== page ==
Cabinet reshuffle is promised but the PM is limited in which cards to play

Prime Minister   Jacinda  Ardern is  promising  a  Cabinet  reshuffle  later this  month.

Not  before  time,    given the   piles of   deadwood    revealed   so far in the  ministry’s make-up.

Or,  more significantly,  in the failure to  deliver  “transformation”, as   with  KiwiBuild.

With  the  high  poll ratings  of the government, largely as a  result  of her  own  performance,  Ardern in  theory  should  be  able to deliver, without any  political  qualms,  rejection  slips to  those  who  are  a  drag  on the  coalition

Yet  she  is  severely  constrained in  any changes   she contemplates.

As  Point of Order   sees  it,  speculation she  would   be looking  at  shifting Phil Twyford  or  Iain  Lees-Galloway  for  their  embarrassing  performances  will be found  to  be wide of the  mark.

Twyford    is   a  front-bencher  and  to  demote  him for  the  abysmal performance  on  KiwiBuild would be   an admission that those who chose  him   misjduged his capacity.

In any case  the  KiwiBuild policy was  framed  not by  Twyford  himself   but  by  Labour’s  key figures in   Opposition including  Ardern, Grant Robertson,  and  Andrew Little.

Similarly  Lee-Galloway  couldn’t be  given the  chop,  even   if he  gets  the sideways  look  whenever  he speaks  in  Cabinet  or  in  the House.

So  the  scope   for  Ardern  through  a reshuffle  to  find   space  for   newcomers who   might  re-energise  the  bureaucracies supporting dud ministers is  limited.

Labour  does  have  some  capability  on the backbenches — MPs  like  Greg  O’Connor, Deborah Russell   or  Duncan  Webb, who  are champing at the bit   and could  lift   the overall  Cabinet performance.

But  again, raw  political talent  isn’t the only factor Ardern  must take into  account.  Higher priorities   are  preserving the right gender  balance,  and  acknowledging the ambitions  within  her party’s Maori  caucus.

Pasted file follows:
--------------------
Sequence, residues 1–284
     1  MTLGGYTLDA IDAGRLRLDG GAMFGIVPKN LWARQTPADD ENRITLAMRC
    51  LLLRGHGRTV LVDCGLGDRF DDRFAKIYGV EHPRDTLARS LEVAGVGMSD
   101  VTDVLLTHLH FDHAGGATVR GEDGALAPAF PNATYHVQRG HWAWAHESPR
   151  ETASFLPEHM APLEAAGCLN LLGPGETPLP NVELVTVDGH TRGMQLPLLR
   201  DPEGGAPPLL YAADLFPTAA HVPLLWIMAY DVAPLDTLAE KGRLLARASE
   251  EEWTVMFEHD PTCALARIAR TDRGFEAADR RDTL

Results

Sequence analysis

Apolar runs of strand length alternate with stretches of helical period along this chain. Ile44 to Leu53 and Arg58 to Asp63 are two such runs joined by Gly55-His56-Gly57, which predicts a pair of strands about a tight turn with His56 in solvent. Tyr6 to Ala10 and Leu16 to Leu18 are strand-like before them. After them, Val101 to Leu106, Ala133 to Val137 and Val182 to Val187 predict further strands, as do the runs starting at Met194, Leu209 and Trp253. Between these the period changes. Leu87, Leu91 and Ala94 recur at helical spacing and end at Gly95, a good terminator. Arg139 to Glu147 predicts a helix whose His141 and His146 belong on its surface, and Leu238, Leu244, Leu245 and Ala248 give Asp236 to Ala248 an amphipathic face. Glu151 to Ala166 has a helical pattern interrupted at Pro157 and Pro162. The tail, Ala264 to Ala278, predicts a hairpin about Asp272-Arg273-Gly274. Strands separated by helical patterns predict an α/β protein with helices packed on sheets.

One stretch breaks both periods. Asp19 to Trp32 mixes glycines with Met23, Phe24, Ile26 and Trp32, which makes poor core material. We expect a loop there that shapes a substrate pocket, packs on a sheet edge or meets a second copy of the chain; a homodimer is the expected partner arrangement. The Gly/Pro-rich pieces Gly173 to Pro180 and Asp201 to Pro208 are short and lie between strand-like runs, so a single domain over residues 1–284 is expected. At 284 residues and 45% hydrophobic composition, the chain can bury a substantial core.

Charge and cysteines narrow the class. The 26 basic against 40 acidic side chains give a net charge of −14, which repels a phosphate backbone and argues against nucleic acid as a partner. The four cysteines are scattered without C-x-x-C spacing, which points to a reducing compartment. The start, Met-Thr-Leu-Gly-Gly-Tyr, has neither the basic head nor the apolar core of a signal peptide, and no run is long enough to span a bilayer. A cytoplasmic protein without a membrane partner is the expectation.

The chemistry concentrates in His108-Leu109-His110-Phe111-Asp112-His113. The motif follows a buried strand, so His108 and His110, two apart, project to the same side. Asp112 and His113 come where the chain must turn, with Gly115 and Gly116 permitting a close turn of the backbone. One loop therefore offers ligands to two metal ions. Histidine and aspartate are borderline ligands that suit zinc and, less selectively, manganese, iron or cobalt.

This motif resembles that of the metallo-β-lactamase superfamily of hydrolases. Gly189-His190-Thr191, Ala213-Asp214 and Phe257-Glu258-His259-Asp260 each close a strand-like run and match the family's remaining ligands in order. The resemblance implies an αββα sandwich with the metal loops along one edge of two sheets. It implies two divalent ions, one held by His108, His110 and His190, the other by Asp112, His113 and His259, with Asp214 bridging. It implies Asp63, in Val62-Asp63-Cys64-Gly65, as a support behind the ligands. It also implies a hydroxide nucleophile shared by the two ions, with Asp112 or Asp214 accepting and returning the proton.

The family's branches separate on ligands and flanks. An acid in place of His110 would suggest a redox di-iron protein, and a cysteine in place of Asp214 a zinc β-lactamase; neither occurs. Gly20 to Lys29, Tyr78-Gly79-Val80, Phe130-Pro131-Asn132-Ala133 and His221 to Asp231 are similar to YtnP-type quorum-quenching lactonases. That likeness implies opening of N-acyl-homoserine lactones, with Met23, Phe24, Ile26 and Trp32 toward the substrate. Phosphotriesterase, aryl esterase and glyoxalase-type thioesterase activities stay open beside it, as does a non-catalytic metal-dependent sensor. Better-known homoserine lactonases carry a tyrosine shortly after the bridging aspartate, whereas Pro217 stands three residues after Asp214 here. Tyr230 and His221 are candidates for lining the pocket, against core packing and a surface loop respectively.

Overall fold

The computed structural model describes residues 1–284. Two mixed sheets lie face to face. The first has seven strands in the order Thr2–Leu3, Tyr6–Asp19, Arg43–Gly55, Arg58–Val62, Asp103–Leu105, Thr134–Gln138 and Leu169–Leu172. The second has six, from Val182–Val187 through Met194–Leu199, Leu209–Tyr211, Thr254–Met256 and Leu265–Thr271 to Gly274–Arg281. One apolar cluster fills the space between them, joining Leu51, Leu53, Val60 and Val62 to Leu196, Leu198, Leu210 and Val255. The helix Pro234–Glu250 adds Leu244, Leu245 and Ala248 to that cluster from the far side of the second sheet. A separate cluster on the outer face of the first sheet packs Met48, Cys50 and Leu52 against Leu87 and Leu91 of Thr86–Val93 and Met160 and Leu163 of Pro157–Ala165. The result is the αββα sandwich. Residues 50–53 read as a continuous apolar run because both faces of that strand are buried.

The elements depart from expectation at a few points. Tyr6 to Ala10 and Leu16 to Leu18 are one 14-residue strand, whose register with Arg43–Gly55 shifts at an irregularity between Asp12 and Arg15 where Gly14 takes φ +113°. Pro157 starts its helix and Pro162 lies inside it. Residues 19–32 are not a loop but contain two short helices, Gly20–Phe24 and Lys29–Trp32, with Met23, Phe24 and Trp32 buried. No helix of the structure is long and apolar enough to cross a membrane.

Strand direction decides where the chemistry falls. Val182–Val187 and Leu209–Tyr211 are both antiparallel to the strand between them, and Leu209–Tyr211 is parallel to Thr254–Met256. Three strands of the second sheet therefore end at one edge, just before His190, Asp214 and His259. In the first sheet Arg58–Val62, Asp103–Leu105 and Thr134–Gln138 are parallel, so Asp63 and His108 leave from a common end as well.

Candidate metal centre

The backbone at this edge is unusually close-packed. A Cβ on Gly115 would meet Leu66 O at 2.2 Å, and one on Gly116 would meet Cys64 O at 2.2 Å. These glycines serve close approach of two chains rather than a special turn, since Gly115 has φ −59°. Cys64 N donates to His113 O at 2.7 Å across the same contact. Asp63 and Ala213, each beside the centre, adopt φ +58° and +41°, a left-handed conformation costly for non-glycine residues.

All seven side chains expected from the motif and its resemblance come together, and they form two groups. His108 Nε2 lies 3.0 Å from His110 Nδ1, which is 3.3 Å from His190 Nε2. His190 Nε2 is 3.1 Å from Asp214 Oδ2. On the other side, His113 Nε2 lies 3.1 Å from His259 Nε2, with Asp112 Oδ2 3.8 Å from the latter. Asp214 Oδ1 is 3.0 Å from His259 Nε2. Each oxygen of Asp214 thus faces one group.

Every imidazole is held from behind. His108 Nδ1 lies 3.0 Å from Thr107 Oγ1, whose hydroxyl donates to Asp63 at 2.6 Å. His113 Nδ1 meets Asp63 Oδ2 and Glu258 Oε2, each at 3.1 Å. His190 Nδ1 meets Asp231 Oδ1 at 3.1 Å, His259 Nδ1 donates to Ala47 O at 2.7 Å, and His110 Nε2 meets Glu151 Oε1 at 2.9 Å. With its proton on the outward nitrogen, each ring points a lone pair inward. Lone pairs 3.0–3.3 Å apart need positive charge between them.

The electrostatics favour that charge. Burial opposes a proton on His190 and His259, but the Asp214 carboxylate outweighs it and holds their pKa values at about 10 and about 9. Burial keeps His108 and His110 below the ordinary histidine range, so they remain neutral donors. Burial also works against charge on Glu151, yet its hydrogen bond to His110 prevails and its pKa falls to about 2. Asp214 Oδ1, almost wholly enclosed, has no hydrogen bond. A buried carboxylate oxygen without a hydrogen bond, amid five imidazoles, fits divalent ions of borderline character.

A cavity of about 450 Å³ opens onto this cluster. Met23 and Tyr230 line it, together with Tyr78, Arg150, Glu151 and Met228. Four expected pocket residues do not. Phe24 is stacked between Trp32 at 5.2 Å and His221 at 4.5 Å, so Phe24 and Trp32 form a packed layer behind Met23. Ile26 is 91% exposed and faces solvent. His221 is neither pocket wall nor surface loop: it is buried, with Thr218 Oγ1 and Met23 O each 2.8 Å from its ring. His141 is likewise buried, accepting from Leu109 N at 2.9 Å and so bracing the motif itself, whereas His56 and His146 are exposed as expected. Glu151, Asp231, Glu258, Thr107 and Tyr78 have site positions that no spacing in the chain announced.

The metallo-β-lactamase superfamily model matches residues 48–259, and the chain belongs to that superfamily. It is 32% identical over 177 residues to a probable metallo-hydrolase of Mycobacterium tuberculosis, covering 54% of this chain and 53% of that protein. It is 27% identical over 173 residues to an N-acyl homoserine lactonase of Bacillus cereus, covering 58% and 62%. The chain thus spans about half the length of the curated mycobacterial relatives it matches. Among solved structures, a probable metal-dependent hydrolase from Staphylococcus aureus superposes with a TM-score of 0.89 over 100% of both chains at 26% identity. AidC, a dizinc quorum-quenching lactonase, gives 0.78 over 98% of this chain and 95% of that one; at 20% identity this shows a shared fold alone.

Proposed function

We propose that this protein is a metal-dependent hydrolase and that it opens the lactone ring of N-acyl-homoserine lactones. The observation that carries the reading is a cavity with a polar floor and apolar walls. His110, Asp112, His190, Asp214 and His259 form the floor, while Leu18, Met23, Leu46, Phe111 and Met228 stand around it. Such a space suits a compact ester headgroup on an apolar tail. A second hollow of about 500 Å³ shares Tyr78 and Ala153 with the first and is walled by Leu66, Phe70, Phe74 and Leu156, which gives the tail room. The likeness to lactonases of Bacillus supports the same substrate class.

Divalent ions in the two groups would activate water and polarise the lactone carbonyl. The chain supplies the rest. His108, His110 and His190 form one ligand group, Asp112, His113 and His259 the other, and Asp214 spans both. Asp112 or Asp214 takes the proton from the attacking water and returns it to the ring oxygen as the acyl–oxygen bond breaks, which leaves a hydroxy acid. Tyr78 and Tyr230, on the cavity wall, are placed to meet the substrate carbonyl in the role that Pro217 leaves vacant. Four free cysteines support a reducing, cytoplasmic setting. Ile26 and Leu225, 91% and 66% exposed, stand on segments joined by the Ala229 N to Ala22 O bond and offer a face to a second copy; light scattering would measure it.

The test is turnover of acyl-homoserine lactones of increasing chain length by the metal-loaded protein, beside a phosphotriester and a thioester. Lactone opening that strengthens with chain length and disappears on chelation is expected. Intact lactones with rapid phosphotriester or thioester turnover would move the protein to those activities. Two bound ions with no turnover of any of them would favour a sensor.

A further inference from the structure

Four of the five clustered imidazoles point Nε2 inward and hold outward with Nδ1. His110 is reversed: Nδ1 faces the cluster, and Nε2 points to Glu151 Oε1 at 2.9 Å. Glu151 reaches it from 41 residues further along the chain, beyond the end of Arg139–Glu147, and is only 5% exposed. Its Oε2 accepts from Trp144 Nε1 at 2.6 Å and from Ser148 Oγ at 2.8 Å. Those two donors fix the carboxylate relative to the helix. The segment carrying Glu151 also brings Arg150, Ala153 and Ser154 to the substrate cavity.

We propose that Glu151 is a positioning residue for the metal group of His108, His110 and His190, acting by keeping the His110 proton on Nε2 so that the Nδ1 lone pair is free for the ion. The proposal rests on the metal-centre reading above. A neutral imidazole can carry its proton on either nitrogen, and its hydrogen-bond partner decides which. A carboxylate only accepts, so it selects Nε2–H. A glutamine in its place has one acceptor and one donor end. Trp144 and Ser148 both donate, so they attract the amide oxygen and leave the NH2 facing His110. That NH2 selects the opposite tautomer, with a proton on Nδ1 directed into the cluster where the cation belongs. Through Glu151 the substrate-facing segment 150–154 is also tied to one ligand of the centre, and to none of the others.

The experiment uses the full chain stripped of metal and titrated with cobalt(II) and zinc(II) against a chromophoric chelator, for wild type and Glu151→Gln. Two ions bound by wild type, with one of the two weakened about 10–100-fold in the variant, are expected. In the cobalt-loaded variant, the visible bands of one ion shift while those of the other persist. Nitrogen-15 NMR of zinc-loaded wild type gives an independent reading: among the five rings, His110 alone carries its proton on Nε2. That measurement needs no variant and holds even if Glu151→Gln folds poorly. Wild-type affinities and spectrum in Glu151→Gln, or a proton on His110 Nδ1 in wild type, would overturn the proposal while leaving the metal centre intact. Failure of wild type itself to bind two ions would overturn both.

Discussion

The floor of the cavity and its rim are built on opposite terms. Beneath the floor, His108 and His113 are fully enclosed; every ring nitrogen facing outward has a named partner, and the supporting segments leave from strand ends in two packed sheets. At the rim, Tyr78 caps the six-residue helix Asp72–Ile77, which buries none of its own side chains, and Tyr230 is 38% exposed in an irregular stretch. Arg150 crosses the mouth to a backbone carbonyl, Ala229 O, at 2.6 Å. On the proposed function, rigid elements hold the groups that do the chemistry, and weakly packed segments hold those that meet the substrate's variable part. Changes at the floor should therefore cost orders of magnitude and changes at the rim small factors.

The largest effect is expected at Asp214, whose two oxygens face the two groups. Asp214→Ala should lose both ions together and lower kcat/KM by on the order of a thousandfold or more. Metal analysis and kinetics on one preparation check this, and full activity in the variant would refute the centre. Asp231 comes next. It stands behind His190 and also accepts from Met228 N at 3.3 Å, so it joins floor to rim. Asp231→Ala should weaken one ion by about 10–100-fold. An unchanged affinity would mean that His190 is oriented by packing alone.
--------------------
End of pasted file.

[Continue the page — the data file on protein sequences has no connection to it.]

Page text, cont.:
So  far  the speculation   of  how  Ardern  might  go  about  a  Cabinet reshuffle   has been largely  limited to the  probability   Kris  Faafoi  will be  promoted to  Cabinet.

He  started  off  as a minister outside Cabinet with responsibility for the crucial-to-business commerce portfolio. Then he   picked  up the telecommunications and broadcasting portfolios when the previous minister, Claire Curran, early in  the term of the government resigned over her dealings with RNZ senior executive Carol Hirschfeld. He also inherited customs from Meka Whaitiri when she resigned over an alleged staff bullying incident.

Faafoi, a Porirua-based former journalist, has impressed the sectors he’s been operating in while some other ministers inside Cabinet have been seen to struggle.   But  Faafoi  is  no   policy  wonk  and is  unlikely  to  do   much  to  lift  Cabinet’s  intellectual  capacity.

There’s  pressure  on  Ardern to   reinstate  Meka   Whaitiri,  but  even   at her  most  compassionate  the PM  would be  unwise  to  appear  to be condoning  a  ministerial  assault on a  staffer.

More  probably the promotion  of Parliamentary  Under-Secretary Michael   Wood   to be  at  least  a  minister  outside  Cabinet  is  under consideration.

Ardern  is  to announce the changes after Parliament rises on June 27 after three weeks’ sitting.

She declined to be drawn on where those changes might occur, or to discuss the prospects for NZ First and Green Party ministers and whether their possible replacement required negotiation.

The  big  question mark, as  far  ministers  from  Labour’s coalition partners are  concerned,  hangs  over  Eugenie  Sage  with her  Land Information  portfolio.  Her  decision   against  Oceana Gold’s  proposal  to use a  new block of  land for  tailings from its  big Waihi mine stunned  miners—and some of  her Labour colleagues  (who  are very conscious  of the  Australian  Federal  election  where miners   particularly  in  Queensland  electorates  turned  against  Labour).


2 thoughts on “Cabinet reshuffle is promised but the PM is limited in which cards to play

  1. Twyford and Lee-Galloway should be demoted to the back bench as both have performed dismally. Kiwibuild is a fiasco and the Sourbrek affair is laughable. If these men hold their positions it will be laughable.


  2. Isn’t Twyford in the kitchen cabinet? He won’t be demoted anytime soon. The lack of ruthlessness will hobble Ardern sooner rather than later. The current case in point is the Budget search bar shambles – Makloof’s feet shouldn’t have touched the ground on departure for misleading Ministers and the people and Robertson should have followed as the Minister What’s in Charge.


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